Of course, the ideal position for reading is something you can never find. In the old days they used to read standing up, at a lectern. People were accustomed to standing on their feet, without moving. They rested like that when they were tired of horseback riding. Nobody ever thought of reading on horseback; and yet now, the idea of sitting in the saddle, the book propped against the horse's mane, or maybe tied to the horse's ear with a special harness, seems attractive to you. With your feet in the stirrups, you should feel quite comfortable for reading; having your feet up is the first condition for enjoying a read.

Well, what are you waiting for? Stretch your legs, go ahead and put your feet on a cushion, on two cushions, on the arms of the sofa, on the wings of the chair, on the coffee table, on the desk, on the piano, on the globe. Take your shoes off first. If you want to, put your feet up; if not, put them back. Now don't stand there with your shoes in one hand and the book in the other.

Adjust the light so you won't strain your eyes. Do it now, because once you're absorbed in reading there will be no budging you. Make sure the page isn't in shadow, a clotting of black letters on a gray background, uniform as a pack of mice; but be careful that the light cast on it isn't too strong, doesn't glare on the cruel white of the paper, gnawing at the shadows of the letters as in a southern noonday. Try to foresee now everything that might make you interrupt your reading. Cigarettes within reach, if you smoke, and the ashtray. Anything else? Do you have to pee? All right, you know best.



message 21: by Robert (new)

Robert | 461 comments LOL - true (im a big fan of that book as well!)


message 22: by Jess (new)

Jess Penhallow | 27 comments I always alternate paperback and ebooks so that I know I'm not neglecting either.

I also cannot read a series back to back. I have to break them up with at least one other book in between.

I always read a series in order even if the books are very loosely connected, I just can't bring myself to randomly read #6 in a detective series for example. I need to know all of the back story!


message 23: by Kristina (new)

Kristina | 66 comments I am mostly reading two books at a time, but I prefer reading only one book.

When I am commuting or traveling I am reading on my kindle, since it is lighter, i have access to more books in case i finish one and I do not damage a book.

At home, I read paperbacks (sometimes I take one with me for traveling) and hardcover (only at home), so that I do not damage them. I never write in my books or break their spine and like it when they look clean and new. The only exception are already old books.

Usually I like to read in silence, but when I read on bus or train I listen to music. This has to be some well known and not too exiciting music (metal works fine for me).


message 24: by Lark (new)

Lark Benobi (larkbenobi) | 247 comments My odd reading habits:

1. if it's June, read The Brothers Karamazov
2. if it's August, read The Magic Mountain
3. if there is a new translation of Dante, read it immediately
4. if you have insomnia, put Sense & Sensibility on your ipod when you go to bed. In the morning you will know how much you slept by the number of scenes you don't remember having heard the night before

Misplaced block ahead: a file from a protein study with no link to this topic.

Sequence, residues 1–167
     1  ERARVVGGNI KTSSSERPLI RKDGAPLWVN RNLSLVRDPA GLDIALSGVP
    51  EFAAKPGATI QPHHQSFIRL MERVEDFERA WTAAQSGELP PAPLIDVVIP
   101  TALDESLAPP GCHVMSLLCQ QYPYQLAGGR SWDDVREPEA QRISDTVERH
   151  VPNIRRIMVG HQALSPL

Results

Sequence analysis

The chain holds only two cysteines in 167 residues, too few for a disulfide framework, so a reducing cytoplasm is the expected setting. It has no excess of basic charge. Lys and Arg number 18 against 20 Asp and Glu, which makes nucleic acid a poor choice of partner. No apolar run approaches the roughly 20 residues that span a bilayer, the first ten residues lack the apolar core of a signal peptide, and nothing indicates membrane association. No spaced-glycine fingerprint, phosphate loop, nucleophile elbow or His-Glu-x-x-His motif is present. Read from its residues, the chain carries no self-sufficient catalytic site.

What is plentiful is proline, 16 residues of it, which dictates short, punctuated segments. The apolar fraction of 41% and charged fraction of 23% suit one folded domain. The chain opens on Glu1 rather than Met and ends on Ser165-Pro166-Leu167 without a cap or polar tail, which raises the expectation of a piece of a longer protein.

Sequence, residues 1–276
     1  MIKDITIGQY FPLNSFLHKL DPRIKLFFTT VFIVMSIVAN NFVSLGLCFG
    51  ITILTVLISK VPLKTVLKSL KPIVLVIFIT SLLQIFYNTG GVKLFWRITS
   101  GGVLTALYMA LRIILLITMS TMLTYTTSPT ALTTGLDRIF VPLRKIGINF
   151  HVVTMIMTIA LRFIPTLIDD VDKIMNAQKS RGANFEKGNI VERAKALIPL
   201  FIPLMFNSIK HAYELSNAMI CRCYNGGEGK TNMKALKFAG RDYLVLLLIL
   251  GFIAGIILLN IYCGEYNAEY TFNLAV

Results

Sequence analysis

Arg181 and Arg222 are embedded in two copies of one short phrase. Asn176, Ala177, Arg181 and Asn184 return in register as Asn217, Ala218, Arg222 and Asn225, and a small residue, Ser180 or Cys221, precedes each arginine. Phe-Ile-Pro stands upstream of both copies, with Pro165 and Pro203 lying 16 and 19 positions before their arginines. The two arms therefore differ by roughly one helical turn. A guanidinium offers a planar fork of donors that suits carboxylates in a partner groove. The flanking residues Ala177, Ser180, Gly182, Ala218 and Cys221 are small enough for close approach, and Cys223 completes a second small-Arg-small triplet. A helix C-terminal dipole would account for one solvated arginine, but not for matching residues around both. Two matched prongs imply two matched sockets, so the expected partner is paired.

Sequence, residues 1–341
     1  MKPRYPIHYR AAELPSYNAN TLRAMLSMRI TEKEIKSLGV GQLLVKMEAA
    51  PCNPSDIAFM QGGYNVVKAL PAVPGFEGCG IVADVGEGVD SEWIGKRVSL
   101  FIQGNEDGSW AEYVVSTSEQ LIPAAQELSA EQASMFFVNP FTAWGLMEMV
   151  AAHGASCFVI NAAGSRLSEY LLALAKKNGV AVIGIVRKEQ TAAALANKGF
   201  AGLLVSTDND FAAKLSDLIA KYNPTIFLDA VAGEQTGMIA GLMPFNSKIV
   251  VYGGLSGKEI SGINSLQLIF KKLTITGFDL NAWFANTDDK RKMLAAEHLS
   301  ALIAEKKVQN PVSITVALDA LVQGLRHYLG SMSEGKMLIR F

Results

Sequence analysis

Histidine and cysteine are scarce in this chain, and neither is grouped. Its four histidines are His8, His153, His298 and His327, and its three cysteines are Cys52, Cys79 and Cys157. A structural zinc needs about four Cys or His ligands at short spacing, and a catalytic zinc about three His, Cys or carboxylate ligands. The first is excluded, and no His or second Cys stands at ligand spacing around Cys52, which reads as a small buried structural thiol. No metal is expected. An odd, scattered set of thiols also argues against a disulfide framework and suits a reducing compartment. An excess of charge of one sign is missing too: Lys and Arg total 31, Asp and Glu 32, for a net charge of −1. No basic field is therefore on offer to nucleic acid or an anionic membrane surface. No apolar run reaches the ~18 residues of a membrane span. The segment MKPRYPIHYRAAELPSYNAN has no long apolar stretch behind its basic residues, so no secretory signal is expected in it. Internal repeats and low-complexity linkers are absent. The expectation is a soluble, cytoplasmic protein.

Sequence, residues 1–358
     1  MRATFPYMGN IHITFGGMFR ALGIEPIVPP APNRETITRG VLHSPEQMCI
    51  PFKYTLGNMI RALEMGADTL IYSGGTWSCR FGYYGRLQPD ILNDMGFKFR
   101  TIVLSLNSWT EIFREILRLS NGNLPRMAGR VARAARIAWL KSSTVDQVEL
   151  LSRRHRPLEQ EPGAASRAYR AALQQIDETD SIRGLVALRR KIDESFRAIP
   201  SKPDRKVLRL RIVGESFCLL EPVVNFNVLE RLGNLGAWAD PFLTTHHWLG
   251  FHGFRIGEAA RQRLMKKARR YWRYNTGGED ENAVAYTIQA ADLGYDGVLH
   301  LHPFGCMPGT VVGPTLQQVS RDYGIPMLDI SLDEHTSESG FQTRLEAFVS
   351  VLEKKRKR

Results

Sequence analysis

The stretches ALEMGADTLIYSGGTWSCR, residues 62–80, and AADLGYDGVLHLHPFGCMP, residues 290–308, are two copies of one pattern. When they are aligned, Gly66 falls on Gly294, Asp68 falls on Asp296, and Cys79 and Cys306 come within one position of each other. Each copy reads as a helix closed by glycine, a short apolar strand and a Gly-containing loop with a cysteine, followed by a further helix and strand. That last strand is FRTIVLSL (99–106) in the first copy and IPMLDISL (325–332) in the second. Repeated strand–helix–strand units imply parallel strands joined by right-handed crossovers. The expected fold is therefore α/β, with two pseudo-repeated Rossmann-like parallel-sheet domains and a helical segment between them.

5. if you don't know what to read, read Gertrude Stein
6. Marry somebody who loves reading to you out loud...it's better than flowers


message 25: by Bretnie (new)

Bretnie | 702 comments David, I like your approach to Tender is the Night! I'd like to try that some time.

Marcus, what a fascinating project!


message 26: by David (new)

David | 242 comments It's funny how when this thread started I thought "Oh, I don't have any quirks", but the more I think about it the more idiosyncratic I realize I am. Here's another: I prefer, where possible, to read an electronic copy. And whenever I can, I copy or convert the file to a regular word processor document. My preferred font is Trebuchet MS and my preferred font size is 24pt. Now you might think the large size is because I have bad eyes, but you'd be wrong. I discovered many years ago, when I first started reading electronic copies of books (the first was in 2000, I think), that very large fonts help me read more smoothly.

Now here is perhaps the strangest part: I will, when possible, keep two electronic copies of a book. One that has the entire text of the book and one where I delete the parts I read as I read it. By that I don't mean read a chapter then delete it. I generally mean either read a sentence, then delete it or, sometimes, I just hold down the delete key as I read so I never have to scroll down. This means that the text is actually moving on the screen as I am reading it.

I wonder what that would look like to someone unexpectedly coming across me reading, with an audiobook playing at double speed and a large text document file with the words being deleted as fast as they are being read. I might need professional help :-)


message 27: by Whitney (new)

Whitney | 2245 comments Mod
David wrote: "It's funny how when this thread started I thought "Oh, I don't have any quirks", but the more I think about it the more idiosyncratic I realize I am. Here's another: I prefer, where possible, to re..."

David, I am inclined to hand you the quirky reader trophy and declare future entries pointless. Deleting as you read is kind of excellent! I wonder, though, does your attention never wander? Are you not like the rest of us in spacing out for a brief period of reading and having to go back? Do you never want to reread a previous paragraph because you got confused as to who was speaking &c.?

I remember I used to imagine books where the text would vanish as you read it. I think it may have even been a thing in a science fiction story I read a long time ago.